Difference in setting team and employee goals
A 2020 report by Gallup states that collaborative and highly connected teams improve the profitability of a company by 21% as compared to fragmented teams. Setting team and employee goals is a process that organizations and managers may ignore at their peril.
According to the Oxford dictionary, a goal is simply something one hopes to achieve. It is an outcome to be accomplished within a particular frame of time. For example, “The bank will open ten new branches across the country in the next six months.”
53% organizations, according to a study by Deloitte: reported a significant performance improvement as they shifted to a team centric model of operations. What makes a group of people; a team is a shared goal. In this article find out more on the difference in setting team and employee goals.
The difference in setting team and employee goals
The broad objectives of the organization can divide into goals for teams. The individuals in a team work together to achieve an end result, for example specific sales target or to gain a certain number of followers on social media etc.
On the other hand employee-specific goals give them a sense of direction where they can take distinctive paths. Then they can take in the larger goals of the team and take the right actions to achieve them.
Regardless of whether the manager is setting up team and employee goals, they have to be S.M.A.R.T i.e. Specific, Measurable, Actionable, Realistic, and Time-bound. These goals are specific to the responsibilities and the job requirement of an individual.
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Manager’s goals for the team
One of the manager’s main tasks is to set goals for the whole team.
Some of the performance goals that a manager can set for the team are:
- Sales Teams: increasing sales by a certain percentage in the next quarter.
- Marketing Teams: improve customer retention ratings.
- HR Teams: achieve industry average employee retention rate in the next six months.
- Digital media Team: increase the number of followers, likes, shares, follower engagement, SEO, and social media metrics by a certain number.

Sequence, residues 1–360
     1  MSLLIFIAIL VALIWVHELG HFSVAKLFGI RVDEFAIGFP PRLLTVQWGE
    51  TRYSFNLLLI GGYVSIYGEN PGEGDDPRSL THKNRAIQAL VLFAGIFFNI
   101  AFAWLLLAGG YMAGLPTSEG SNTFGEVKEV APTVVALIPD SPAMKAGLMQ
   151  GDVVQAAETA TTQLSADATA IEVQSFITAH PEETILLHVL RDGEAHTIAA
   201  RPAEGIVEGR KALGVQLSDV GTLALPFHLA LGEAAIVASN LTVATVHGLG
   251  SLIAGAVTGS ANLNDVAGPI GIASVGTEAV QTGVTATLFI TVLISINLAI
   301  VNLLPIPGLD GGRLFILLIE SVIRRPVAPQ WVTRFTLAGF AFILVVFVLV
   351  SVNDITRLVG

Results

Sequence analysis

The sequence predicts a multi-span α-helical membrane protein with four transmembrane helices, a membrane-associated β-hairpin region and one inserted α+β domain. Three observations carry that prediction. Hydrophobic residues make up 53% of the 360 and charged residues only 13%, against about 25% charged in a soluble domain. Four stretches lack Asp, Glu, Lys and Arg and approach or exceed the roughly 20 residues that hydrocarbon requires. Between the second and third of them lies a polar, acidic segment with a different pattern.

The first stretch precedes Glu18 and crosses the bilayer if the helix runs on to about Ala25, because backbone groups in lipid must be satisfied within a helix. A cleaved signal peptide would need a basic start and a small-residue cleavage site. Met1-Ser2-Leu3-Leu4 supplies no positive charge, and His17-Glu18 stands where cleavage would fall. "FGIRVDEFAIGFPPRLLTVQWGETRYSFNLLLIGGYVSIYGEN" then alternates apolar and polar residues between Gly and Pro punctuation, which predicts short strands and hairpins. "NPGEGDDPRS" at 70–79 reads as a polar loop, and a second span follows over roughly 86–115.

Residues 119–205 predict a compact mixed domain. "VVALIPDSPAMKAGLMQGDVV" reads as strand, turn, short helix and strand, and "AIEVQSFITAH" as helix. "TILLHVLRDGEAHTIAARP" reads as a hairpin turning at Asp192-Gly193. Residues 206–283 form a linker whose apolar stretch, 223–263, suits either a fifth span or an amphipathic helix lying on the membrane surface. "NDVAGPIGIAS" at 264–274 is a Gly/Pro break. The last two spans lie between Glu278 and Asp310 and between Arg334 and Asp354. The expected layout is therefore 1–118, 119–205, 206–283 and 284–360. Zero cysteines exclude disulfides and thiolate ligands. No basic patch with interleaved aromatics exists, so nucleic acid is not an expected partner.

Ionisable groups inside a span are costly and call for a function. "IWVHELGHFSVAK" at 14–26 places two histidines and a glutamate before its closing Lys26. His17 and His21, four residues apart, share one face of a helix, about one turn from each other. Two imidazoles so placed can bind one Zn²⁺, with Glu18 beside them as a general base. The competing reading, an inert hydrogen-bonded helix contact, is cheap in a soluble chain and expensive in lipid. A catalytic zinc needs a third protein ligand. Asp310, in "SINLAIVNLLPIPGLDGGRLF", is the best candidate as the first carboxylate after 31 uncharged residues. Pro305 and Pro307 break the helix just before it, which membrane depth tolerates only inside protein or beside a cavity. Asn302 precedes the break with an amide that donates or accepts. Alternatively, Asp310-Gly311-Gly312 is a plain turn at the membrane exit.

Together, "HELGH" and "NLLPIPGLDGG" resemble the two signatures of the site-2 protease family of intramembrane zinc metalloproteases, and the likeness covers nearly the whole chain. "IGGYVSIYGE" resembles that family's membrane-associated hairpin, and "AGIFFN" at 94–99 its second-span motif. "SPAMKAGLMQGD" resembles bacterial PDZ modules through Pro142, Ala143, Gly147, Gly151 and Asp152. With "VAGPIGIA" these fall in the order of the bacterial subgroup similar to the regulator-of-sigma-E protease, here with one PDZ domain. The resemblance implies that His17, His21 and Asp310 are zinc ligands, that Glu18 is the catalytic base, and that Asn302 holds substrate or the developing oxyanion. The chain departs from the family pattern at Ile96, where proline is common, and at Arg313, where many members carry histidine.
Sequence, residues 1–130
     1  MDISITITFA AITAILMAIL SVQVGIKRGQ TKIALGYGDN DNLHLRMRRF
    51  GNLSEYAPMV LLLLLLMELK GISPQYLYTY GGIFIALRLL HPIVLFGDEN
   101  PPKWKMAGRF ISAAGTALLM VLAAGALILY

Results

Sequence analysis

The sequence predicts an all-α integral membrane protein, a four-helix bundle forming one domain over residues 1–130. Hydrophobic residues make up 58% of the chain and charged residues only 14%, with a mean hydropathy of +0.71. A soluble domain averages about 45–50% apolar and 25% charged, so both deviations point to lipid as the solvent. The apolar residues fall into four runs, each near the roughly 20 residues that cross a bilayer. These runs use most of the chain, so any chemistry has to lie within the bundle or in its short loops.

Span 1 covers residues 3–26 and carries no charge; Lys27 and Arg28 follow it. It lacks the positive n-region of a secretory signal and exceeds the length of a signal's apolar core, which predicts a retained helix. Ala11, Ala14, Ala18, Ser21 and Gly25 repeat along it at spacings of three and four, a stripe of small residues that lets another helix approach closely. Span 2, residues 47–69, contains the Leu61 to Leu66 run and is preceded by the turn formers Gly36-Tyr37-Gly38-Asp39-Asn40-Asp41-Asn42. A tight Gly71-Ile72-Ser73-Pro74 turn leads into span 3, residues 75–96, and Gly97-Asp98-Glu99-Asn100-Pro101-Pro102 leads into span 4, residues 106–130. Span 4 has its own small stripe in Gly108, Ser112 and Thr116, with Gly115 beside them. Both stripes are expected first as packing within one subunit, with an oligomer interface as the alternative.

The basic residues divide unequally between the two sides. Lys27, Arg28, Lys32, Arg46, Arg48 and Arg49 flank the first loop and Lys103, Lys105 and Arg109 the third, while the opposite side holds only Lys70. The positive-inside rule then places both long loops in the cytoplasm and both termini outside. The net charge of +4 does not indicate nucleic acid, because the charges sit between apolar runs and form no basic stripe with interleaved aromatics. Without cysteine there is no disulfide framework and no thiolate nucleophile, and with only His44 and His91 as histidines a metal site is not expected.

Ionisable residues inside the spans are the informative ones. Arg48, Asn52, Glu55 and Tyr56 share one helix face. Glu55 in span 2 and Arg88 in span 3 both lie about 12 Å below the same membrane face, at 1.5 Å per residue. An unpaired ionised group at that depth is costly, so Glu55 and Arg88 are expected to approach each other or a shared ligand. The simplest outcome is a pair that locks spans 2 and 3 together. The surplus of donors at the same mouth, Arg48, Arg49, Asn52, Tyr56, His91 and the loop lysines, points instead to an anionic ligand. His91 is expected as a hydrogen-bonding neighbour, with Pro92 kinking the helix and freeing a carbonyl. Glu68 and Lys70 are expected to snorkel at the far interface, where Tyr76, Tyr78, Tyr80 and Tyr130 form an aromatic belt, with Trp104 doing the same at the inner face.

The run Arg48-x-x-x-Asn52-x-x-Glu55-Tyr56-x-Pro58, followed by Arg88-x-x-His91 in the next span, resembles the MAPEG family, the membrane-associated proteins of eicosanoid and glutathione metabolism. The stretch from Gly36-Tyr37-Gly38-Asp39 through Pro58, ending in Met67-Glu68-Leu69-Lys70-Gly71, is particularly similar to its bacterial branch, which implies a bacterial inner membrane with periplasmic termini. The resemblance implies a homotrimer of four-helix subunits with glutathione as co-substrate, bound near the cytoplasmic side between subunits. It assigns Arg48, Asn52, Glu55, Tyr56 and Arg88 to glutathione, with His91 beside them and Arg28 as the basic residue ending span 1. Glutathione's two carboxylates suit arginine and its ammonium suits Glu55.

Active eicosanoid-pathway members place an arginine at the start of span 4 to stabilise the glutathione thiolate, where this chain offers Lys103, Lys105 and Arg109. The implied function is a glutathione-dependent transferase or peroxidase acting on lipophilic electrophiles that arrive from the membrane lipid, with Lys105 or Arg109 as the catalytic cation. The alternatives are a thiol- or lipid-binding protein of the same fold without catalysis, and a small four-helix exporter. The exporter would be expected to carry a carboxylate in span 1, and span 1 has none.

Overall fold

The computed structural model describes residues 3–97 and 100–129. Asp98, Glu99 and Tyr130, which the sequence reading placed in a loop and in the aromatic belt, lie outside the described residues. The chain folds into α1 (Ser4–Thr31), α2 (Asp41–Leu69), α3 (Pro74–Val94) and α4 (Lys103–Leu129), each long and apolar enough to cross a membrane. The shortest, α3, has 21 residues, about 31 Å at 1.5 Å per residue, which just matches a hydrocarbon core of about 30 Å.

Some of the behavioral goals that a manager can set for the team are:
- All team members must reach the office by 9:00 am (or whatever the starting time is).
- All team members must update their task sheets at the end of the week.
- All team members must read one book related to business/communication in the next two months.
- Reduce overtime by a certain percentage in the next three months.
- Conduct one activity for team building every month.
Setting team and employee goals
Employees are the ones who usually do not set goals because there is always somebody higher whose responsibility it is. When setting up these goals, the managers must set the team goals first and then set up the individual goals to align them with their specific roles.
As a manager, you need to set a clear timeline for progress tracking and communicate it with the team. Stick to guidelines and define penalty/strict measures for lag. Ask employees about their personal goals and see where their goals cut across organizational goals. Gauge their strengths and weaknesses to determine how their personal goals align with team goals.
Whether the goals are set for the team or the employees, it is vital to let employees and teams know that what they do “matters” and creates an impact. Share the organizational goals with them, and instead of dictating them on their goals, let them define personal goals on their own and then refine them to align with the team goals that eventually serve the organizational objectives.
Check out our other articles such as Teamwork challenges you should try to avoid.